GRAHAM HOLDINGS COMPANY
NOTES TO CONSOLIDATED FINANCIAL STATEMENTS
ORGANIZATION AND NATURE OF OPERATIONS
Graham Holdings Company (the Company), is a diversified education and media company. The Company’s Kaplan subsidiary provides a wide variety of educational services, both domestically and outside the United States. The Company’s media operations comprise the ownership and operation of seven television broadcasting stations.
Education—Kaplan, Inc. provides an extensive range of educational services for students and professionals. Kaplan’s various businesses comprise three categories: Higher Education (KHE), Test Preparation (KTP) and Kaplan International.
Media—The Company’s diversified media operations comprise television broadcasting, several websites and print publications, and a marketing solutions provider.
Television broadcasting. As of December 31, 2017, the Company owned seven television stations located in Houston, TX; Detroit, MI; Orlando, FL; San Antonio, TX; Roanoke, VA; and two stations in Jacksonville, FL. All stations are network-affiliated except for WJXT in Jacksonville, FL.
Other—The Company’s other business operations include home health and hospice services and manufacturing.
SUMMARY OF SIGNIFICANT ACCOUNTING POLICIES
Basis of Presentation and Principles of Consolidation. The accompanying Consolidated Financial Statements have been prepared in accordance with generally accepted accounting principles (GAAP) in the United States and include the assets, liabilities, results of operations and cash flows of the Company and its majority-owned and controlled subsidiaries. All significant intercompany accounts and transactions have been eliminated in consolidation.
Reclassifications. Certain amounts in previously issued financial statements have been reclassified to conform with the 2017 presentation. This includes the reclassification of $19.8 million and $19.2 million from other revenue to advertising revenue in the Consolidated Statements of Operations for the years ended December 31, 2016 and 2015, respectively.
Use of Estimates. The preparation of financial statements in conformity with GAAP requires management to make estimates and judgments that affect the amounts reported in the financial statements. Management bases its estimates and assumptions on historical experience and on various other factors that are believed to be reasonable under the circumstances. Due to the inherent uncertainty involved in making estimates, actual results reported in future periods may be affected by changes in those estimates. On an ongoing basis, the Company evaluates its estimates and assumptions.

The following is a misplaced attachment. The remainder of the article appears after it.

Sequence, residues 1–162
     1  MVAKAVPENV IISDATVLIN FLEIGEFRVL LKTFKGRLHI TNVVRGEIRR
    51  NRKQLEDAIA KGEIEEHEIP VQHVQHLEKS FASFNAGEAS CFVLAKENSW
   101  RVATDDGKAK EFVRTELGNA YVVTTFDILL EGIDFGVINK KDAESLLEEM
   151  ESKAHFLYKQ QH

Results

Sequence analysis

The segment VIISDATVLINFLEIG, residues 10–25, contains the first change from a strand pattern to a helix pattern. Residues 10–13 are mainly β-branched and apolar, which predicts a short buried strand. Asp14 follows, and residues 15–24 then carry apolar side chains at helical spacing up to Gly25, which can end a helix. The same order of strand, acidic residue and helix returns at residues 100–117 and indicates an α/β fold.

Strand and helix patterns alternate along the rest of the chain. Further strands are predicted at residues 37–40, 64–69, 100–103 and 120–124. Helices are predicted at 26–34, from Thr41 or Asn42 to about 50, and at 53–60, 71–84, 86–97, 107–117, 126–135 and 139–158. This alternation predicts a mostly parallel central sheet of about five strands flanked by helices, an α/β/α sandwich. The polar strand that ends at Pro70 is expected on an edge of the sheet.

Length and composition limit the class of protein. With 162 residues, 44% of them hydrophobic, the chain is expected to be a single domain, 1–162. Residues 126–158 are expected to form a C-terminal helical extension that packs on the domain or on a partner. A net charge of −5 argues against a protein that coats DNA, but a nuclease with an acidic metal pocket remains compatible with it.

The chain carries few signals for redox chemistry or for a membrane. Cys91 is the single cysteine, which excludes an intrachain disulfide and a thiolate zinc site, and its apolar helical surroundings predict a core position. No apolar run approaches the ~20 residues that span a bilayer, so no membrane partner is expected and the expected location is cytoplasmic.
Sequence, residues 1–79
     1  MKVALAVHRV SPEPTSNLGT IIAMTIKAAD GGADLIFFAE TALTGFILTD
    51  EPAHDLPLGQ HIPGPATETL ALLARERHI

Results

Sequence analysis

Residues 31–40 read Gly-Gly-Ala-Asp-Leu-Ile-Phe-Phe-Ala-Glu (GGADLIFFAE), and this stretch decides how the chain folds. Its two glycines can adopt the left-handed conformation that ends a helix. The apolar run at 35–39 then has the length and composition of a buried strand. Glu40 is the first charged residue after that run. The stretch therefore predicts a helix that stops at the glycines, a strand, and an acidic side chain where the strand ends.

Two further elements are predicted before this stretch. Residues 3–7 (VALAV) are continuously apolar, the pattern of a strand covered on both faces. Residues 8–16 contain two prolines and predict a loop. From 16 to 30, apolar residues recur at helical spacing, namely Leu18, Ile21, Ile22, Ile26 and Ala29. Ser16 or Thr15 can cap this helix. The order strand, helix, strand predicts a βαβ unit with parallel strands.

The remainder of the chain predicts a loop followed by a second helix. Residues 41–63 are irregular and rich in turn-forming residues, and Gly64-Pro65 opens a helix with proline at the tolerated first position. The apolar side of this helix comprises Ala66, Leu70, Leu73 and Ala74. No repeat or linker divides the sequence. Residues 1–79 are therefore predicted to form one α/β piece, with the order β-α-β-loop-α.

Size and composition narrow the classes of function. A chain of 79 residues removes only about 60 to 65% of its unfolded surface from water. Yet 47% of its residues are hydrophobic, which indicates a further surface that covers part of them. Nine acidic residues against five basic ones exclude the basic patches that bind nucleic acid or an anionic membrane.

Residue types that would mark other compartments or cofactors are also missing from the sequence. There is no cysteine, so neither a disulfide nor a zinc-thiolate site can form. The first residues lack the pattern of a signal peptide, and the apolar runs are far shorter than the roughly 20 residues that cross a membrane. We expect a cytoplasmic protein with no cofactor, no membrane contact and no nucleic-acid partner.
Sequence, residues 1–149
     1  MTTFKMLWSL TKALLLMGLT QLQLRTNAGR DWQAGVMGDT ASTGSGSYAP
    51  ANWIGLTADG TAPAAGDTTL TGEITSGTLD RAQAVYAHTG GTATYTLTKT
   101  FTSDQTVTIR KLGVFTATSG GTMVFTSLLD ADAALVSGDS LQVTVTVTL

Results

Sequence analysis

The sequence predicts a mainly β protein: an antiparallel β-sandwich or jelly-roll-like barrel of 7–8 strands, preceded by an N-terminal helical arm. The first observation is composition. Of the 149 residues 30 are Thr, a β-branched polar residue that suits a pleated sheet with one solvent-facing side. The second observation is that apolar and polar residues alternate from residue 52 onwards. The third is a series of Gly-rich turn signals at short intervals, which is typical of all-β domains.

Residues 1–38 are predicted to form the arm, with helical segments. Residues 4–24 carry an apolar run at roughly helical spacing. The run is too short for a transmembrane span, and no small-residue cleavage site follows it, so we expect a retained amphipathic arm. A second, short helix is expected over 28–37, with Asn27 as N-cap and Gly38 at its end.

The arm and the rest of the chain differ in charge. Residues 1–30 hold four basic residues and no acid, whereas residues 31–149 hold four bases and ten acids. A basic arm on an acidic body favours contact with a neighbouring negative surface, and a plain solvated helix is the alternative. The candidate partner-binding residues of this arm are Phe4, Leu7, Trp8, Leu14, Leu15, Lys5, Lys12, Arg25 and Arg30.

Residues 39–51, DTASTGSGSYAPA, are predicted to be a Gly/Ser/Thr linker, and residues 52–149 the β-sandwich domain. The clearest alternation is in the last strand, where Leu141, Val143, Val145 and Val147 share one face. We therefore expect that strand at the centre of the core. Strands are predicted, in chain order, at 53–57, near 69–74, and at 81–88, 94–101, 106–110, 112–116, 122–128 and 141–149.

Business Combinations. The purchase price of an acquisition is allocated to the assets acquired, including intangible assets, and liabilities assumed, based on their respective fair values at the acquisition date. Acquisition-related costs are expensed as incurred. The excess of the cost of an acquired entity over the net of the amounts assigned to the assets acquired and liabilities assumed is recognized as goodwill. The net assets and results of operations of an acquired entity are included in the Company’s Consolidated Financial Statements from the acquisition date.
Cash and Cash Equivalents. Cash and cash equivalents consist of cash on hand, short-term investments with original maturities of three months or less and investments in money market funds with weighted average maturities of three months or less.
Restricted Cash. Restricted cash represents amounts held for students that were received from U.S. Federal and state governments under various aid grant and loan programs, such as Title IV of the U.S. Federal Higher Education Act of 1965 (Higher Education Act), as amended, that the Company is required to maintain pursuant to U.S. Department of Education (ED) and other regulations. Federal regulations stipulate that the Company has a fiduciary responsibility to segregate Federal funds from all other funds to ensure the funds are only used for the benefit of eligible students. The regulations further indicate that funds received under Federal aid programs are held in trust for the intended student beneficiary and the ED, and as trustee of these funds, the Company may not use the funds for any other purpose until the funds are applied to eligible student charges, which occurs within three days of the receipt of the funds. Restricted cash also includes (i) certain funds that the Company may be required to return if a student who receives Title IV program funds withdraws from a program and (ii) funds required to be held by non-U.S. higher education institutions for prepaid tuition.